Discovering these programs has turned our lives upside down and personally, it’s changed me in the necessary ways I needed to evolve. It’s the worst yet (in a way) best revelation I’ve ever made, because having total awareness of the times we’re living in, that time is running out, I appreciate nature, life and my loved ones so much more. I guess it’s something you don’t really realize until it’s time to face your own mortality, unfortunately.
To say this is all scary and depressing are severe understatements for trying to articulate something which we’ve never experienced in this lifetime like near term extinction or the death of the planet.
Maybe if everyone took the necessary ‘time out’ in solidarity for all of Earth’s dying creations, to grieve, to spend every second with those we love, maybe there’s still hope to turn things around.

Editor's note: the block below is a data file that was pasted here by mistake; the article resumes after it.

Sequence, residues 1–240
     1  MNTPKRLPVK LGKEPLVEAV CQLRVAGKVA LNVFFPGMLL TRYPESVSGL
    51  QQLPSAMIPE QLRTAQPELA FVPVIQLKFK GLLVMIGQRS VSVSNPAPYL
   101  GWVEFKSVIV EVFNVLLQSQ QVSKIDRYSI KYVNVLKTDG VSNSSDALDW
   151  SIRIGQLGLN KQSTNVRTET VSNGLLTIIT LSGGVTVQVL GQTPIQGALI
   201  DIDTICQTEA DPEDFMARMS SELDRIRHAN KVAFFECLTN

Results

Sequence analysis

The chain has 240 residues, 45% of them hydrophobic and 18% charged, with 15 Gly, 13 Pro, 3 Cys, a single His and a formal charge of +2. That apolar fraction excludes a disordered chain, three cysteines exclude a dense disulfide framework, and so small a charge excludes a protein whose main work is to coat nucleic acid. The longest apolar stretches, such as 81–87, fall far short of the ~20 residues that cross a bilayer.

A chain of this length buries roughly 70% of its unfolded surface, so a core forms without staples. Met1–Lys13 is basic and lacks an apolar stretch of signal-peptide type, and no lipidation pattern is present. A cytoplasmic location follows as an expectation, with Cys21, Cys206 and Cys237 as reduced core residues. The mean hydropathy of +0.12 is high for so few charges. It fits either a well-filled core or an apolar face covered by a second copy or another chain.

Lana Givant says:
February 9, 2015 at 11:49 am
I am 65 years old. I too Nancy, relate to this on a very deep level. I watched after geoengineering started in Northern California over Siskiyou County the gradual, but persistent decrease in life. Year after year, before I knew why, the bats that use to be so prevalent dipping and swirling in the air gradually but consistently ceased to exist. The amazing insect and frog life stopped. I believe what hurt me the most, was watching my grove of Juniper Trees slowly become sick and start to die. Junipers, were to me, the essence of strength. Through drought, wind, harsh winters and sometimes brutality hot summers, they stood with their gnarled dignity. When geoengineering started to make the Juniper trees sick and kill them, I succumbed to a numbing grief. The geoengineers are creating a planet that cannot support life. A planet that cannot support love. As Cori Gunnells stated, “The toll that’s taken place, is significant beyond words.”
Scot Savoie says: